Sept. 11 Attacks Stall Latecomers at ATA Annual

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High hopes for a sizable attendance boost at this year's annual American Teleservices Association convention in Las Vegas were dashed when expected late registrants failed to materialize, possibly because of fallout from the Sept. 11 terrorist attacks.


Based on preliminary registration and the number of late and on-site registrants for last year's show, the ATA had projected about 600 attendees. As it turned out, only 450 people showed for the ATA's 18th Annual Convention & Exhibition, held Sept. 30 to Oct. 3 at the Las Vegas Hilton.


Only 30 people registered for the convention after Sept. 11. Another 30 canceled, so rather than receiving a last-minute boost for the show, the ATA broke even on registration after the attacks in New York and Washington.


ATA executives had hoped this year's convention would create excess revenue and help fund added activities next year. As it turned out, the ATA needed the revenue from the show just to break even.


The ATA offered those who canceled a 25 percent refund or a 60 percent credit on a future ATA event. Canceling the show was not an option because of the financial obligations the ATA had with the exhibit hall and hotel, said Bill Miklas, the ATA's new chairman.


"It would have been a huge financial burden for the ATA to bear," Miklas said. "We simply couldn't afford to do it."


By Oct. 2, the last day the exhibit hall was open during the show, a few booths that had been full at the show's beginning stood empty, signs that some exhibitors saw fit to leave early. But exhibitors interviewed during the dwindling hours of the show floor had no unkind words for the ATA.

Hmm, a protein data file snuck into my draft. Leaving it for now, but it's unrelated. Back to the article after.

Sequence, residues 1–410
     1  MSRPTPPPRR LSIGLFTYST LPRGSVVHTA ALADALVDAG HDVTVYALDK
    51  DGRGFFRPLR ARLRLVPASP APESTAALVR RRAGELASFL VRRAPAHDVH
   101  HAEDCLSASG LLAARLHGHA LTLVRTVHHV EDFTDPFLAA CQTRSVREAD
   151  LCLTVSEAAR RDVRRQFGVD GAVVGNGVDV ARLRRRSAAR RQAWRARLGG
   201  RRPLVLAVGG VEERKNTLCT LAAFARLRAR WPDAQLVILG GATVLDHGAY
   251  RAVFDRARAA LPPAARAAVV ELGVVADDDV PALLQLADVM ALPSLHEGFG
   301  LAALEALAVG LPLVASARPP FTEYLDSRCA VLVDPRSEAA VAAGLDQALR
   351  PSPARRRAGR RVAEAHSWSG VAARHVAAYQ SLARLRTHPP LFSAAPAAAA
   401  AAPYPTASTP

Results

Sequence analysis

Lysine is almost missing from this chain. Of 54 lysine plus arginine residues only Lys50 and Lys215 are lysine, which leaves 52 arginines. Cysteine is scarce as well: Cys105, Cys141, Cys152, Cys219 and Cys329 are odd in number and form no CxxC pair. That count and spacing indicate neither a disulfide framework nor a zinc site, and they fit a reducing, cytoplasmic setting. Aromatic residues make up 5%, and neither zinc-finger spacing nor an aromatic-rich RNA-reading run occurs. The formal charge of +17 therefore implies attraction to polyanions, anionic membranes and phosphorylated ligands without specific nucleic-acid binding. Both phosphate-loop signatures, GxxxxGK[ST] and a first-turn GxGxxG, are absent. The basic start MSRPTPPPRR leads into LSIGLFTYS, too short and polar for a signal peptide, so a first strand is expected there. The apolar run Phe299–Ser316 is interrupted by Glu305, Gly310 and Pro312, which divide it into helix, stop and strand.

"I think attendance was better in prior years," said Nancy Raftis, regional sales manager at Startel, Irvine, CA. "But it's understandable. It's good based on the situation."


The ATA kept its promise to remove early morning exhibit hall hours in favor of midmorning and evening exhibit hall hours. However, the exhibit hall was bigger than it had been at the 2000 show in Orlando, giving some the impression that the hall was emptier than last year, even though the number of exhibitors increased from 27 to 38.


"Last year, it seemed more compact," said Debbie Baldwin, national sales manager at Kelly Services, Troy, MI. "But I know there are more vendors this year."


Exhibitors said business went well at the show, with the number of well-qualified leads making up for the overall light traffic. They were particularly pleased with the results of a drawing for a trip to St. Thomas that required contestants to go to every booth and obtain a stamp.


"I knew it was going to be a smaller show coming in," said David LaBatt, senior executive at USA 800, Kansas City, MO. "It has a good mix of people who need our services."


Despite travel fears gripping the public since the Sept. 11 attacks, attendance at the show, which was unaudited, was up slightly from last year, Miklas said. Overall ATA membership has grown from 1,000 to 2,400 since the last show.


Miklas praised the work done by the ATA's management firm, Management Options Inc., in building the organization. Another 15 months remain on the company's contract, and informal discussions are under way about the firm's future with the ATA, Miklas said.


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